Let’s make this clear right off the bat: LSU and Alabama are the two best teams in college football this season.
There really is no question about it. Just look at the talent on their rosters, the well-rounded nature of their play and the way they dealt with expectations that were sky-high right from the outset.
If you have to pick any two to play for a championship, those are the ones you want.
And spare me the talk about Oklahoma State’s record against Top 25 teams versus Alabama’s. Pretty much every Big 12 team was overrated at the start, and many remained that way until their results finally spoke loudly enough (we’re looking at you, Oklahoma and Texas).
All in all, there’s no reason to think the BCS title game a week from now won’t be a classic.
The fact that the teams played during the regular season does not diminish the appeal or the impact of this contest. If anything, the first meeting did not settle the matter in any sort of definitive manner, which makes the rematch all the more worthwhile.
All of that being said, there’s no way that teams from the same conference — let alone the same division — should play for the championship under the current format.
This year’s “championship game” is just the latest piece of evidence that makes clear the framers and caretakers of the BCS have no vision, no perspective and no basis for their argument that the system works.
We’re supposed to believe that the BCS honors and upholds one of the grand traditions of college football. The Sugar Bowl and the Orange Bowl, after all, have been around since 1935. The Rose Bowl, “The grandaddy of them all,” dates back to 1902.
But is a system that gives us LSU against Alabama consistent with the tenets that led to the creation of bowl games more than a century ago? Really?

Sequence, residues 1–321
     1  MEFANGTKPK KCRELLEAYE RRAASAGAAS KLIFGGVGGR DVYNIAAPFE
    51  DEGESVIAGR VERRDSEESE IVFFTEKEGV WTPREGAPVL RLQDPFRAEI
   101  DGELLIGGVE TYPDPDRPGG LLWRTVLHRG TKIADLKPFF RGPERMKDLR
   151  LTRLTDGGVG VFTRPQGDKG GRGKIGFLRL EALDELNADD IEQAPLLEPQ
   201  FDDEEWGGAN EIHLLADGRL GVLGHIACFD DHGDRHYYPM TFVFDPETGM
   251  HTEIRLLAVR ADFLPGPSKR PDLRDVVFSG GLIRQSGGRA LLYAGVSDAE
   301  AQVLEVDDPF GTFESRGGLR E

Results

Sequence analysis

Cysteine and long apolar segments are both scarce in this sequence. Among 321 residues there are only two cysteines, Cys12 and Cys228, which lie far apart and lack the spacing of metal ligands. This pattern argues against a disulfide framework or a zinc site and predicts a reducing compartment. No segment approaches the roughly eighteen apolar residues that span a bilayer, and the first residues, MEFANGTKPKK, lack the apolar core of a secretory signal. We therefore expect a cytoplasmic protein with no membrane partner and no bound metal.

The primary idea behind bowls was to create contests that would not (and often could not) happen during the regular season in order to provide a little competitive perspective and a whole lot of bragging rights.
Think about it. The Big 10 and Pac 10 — basically a continent apart — send their best each year to Southern California just to find out what happens. The SEC’s best invites an uncommon opponent to New Orleans just for kicks. The Southwest Conference champion arrives in Dallas and sizes up an opponent from outside Texas. The Big 8 winner heads to Florida for some sort of memorable showdown.
Nothing about LSU playing Alabama meshes with that line of thinking.
These schools play each other every year. Heck, we already know when their next meeting will take place. It’s Nov. 3, 2012, in Baton Rouge — go ahead and mark it on your calendar, if you have not done so already.
Next Monday’s showdown offers none of the mystique of a bowl game. Neither team is bound for some exotic location where it otherwise would not go. There is no contrast in styles that begs for a showdown.
In short, it’s not a bowl game. In that regard the system failed.
It is a championship game, though, and that is the good news.
College football — Division I college football, at least — refuses to give us a playoff as a means to determine the best team. Instead, it relies on an approach that defies its core principles to generate a worthy champion.
It’s a joke. And a bad one, at that.